Tottenham loan move simply proving an inspired one
Gareth Bale may well have been one of Tottenham Hotspur’s outstanding performers yet again over the weekend, but there was another man contracted to the Lilywhites who enjoyed arguably an even better Premier League showing. But he wasn’t anywhere to be seen during Spurs’ 3-2 loss to Liverpool during the weekend.
Instead, he was busy terrorizing Martin O’Neill’s Sunderland side at Loftus Road, playing a huge part in boosting Queens Park Rangers’ efforts against relegation and bagging himself a stunning 25-yard volley in the process. Indeed, despite his mere 21 years, it’s been a long time coming for Andros Townsend, but Tottenham’s prodigious winger looks to have finally made his breakthrough.
With the fervent speculation that shrouded itself around both Spurs and QPR’s transfer dealings at the end of the transfer window, Townsend’s move to Loftus Road generally managed to slip under the radar.
With fans in North London fixated on whether the ever-elusive Leandro Damiao might finally conclude a long-awaited move and those in the west side of the capital too busy trying to figure out what part of the ground Peter Odemwingie was trying to lurk into, little appeared to be made of Townsend’s arrival.
And in many ways, for those not connected with Spurs in any way, the chances are you probably might not have heard of Townsend at all; not for supporters in the top-flight, anyway. But for fans of clubs within the Football League, you may well be a little more familiar with the Chingford-born winger’s name.
Because while his move to Queens Park Rangers may well be the one that proves to be his breakthrough spell, it comes after a whole raft of scattergun loan moves to clubs outside of the Premier League. And in a twist of irony, it could well be the man that played his part in overseeing what were often perpetually frustrating spells away from White Hart Lane, who could also prove to be the one who sets him on his way to career in the top flight.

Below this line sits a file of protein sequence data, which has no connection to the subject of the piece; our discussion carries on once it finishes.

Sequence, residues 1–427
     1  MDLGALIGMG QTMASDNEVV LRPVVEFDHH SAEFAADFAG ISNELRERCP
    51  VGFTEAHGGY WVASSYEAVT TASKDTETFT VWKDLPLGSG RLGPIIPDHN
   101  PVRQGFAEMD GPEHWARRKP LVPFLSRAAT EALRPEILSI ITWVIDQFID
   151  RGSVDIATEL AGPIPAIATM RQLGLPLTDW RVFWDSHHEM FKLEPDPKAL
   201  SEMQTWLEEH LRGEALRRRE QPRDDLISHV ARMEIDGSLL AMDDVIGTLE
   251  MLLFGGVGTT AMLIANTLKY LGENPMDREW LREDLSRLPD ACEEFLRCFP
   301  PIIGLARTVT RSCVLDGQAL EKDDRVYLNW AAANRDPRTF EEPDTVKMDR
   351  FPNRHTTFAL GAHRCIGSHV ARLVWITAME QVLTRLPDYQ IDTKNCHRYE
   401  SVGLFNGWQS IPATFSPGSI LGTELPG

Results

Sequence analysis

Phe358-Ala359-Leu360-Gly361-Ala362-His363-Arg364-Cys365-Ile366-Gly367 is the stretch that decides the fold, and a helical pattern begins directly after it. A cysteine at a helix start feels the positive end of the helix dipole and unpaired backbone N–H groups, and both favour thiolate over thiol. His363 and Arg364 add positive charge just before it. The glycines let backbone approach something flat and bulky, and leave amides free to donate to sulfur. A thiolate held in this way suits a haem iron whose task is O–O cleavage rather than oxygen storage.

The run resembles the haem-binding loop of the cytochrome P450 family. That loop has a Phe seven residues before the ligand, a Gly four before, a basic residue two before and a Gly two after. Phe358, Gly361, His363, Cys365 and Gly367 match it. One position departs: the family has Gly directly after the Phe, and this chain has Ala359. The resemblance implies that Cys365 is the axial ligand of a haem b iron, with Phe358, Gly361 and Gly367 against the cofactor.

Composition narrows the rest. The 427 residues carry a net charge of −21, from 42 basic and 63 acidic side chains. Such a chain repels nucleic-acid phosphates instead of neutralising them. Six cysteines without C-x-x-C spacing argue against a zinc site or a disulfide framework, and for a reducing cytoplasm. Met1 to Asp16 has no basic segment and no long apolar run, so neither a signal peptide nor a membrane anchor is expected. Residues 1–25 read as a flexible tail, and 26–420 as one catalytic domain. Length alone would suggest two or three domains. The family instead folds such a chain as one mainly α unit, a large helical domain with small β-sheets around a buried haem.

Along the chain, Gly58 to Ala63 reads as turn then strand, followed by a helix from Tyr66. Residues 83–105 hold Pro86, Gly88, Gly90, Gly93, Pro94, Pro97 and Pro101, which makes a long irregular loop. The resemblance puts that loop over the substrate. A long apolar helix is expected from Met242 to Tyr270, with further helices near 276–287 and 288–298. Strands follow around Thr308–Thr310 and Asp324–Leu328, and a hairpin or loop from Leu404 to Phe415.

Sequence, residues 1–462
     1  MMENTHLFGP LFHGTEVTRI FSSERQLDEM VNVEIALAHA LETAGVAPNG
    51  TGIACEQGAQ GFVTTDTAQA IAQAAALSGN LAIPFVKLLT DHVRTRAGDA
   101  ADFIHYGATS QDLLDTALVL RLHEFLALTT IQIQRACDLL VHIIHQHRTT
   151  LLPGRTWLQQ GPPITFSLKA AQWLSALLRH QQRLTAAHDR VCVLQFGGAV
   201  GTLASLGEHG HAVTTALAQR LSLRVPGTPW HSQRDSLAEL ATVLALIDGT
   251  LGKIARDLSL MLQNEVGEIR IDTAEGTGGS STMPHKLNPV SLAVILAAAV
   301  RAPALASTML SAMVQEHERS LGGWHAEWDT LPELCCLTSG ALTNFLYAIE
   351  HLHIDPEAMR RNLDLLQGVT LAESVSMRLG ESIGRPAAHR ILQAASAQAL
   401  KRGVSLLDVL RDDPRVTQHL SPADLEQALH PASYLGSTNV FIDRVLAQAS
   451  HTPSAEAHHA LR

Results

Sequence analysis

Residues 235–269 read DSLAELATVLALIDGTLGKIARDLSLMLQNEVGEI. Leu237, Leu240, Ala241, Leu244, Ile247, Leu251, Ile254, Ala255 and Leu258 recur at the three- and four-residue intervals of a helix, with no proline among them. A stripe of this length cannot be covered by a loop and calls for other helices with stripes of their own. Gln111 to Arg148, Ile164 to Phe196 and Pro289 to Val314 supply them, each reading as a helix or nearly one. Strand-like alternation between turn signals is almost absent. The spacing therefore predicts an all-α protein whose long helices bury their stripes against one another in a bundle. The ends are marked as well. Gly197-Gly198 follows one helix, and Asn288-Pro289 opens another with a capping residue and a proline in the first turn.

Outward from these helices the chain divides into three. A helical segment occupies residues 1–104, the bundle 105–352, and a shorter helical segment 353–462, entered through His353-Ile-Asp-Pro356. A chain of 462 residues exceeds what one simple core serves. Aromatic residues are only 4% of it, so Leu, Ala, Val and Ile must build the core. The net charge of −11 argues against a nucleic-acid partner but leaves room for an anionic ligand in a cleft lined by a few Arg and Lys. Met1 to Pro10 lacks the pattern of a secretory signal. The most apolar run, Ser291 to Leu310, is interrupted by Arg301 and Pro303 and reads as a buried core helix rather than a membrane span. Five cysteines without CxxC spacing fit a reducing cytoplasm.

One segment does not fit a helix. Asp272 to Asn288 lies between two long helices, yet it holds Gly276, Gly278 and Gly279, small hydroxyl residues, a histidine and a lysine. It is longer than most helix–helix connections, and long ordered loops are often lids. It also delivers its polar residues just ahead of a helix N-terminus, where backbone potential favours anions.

Given the raft of backroom staff involved with the club and its youth setup, it would be naïve to attribute the bulk of blame – if indeed there is any to be had – on Harry Redknapp for the sheer amount of times Townsend was farmed out on loan during his time in charge of Spurs. But for as useful as the loan system is in developing younger players, the fact that Townsend is now playing for his tenth club in his ninth loan spell seems somewhat staggering.
Of course, amongst the frustration there has of course also been success. The 22 appearances he made for Leyton Orient in League One back in 2009 as a 19-year-old showed the Tottenham staff that he had both the talent and the determination to really push on as a professional. Two years later and a spell under Kenny Jackett at Millwall saw Townsend really show supporters what he was capable of with a string of superb showings for the Lions.
But amongst the smatterings of success, there’s also been an apt feeling of frustration throughout Townsend’s progression and the accusation that his parent club could have been a little more careful with their choice of loan moves most definitely holds gravitas.
A move to Watford at a time when the then-Malky Mackay led side had no real need for his talents proved to be a complete waste of time and a bizarre spell at Leeds United last year – in which he claimed he wasn’t settled at the club only to join Birmingham City on loan the next day after leaving Elland Road – begs the question why he was even sent there in the first place.
Although while the suitability of his destinations on loan has often been something of a variable, the one constant has been Townsend’s ability to provide his adopted sides a real cutting edge and in Redknapp’s appointment as QPR boss, he’s finally got the stroke of luck he’s needed to display his skills on the Premier League stage.
Long, hard playing time in the Premier League is of course the Holy Grail for any young footballer breaking through and Townsend’s more than served his time gaining his apprenticeship in the Championship and beyond in order to earn that playing time. Yet there have been plenty before him who have done the same, only to find game time in the top tier all too elusive.
But as Townsend has proved since his move to QPR, this game is all about taking your chances and since he’s finally got his big opportunity to shine, he hasn’t disappointed. And for as much as Redknapp may have ultimately had faith within his ability, while the loan deal to bring him to Loftus Road might not inhabit too much in the way of a financial risk, it was certainly still a sporting one.
Their former manager doesn’t always cut the most popular of figures within White Hart Lane, but for however begrudging it may be, Redknapp deserves a certain amount of praise for handing Townsend his opportunity to shine.
After his blockbuster performance against Sunderland, the onus is now on Townsend to try and replicate that showing against Aston Villa and show his parent club, plus anybody else that may be watching, that he can sustainably provide the goods in this league.
It’s been a bumpy ride for Townsend to get his moment in the spotlight, but sometimes it’s not about how you manage to get there; just as long as you do.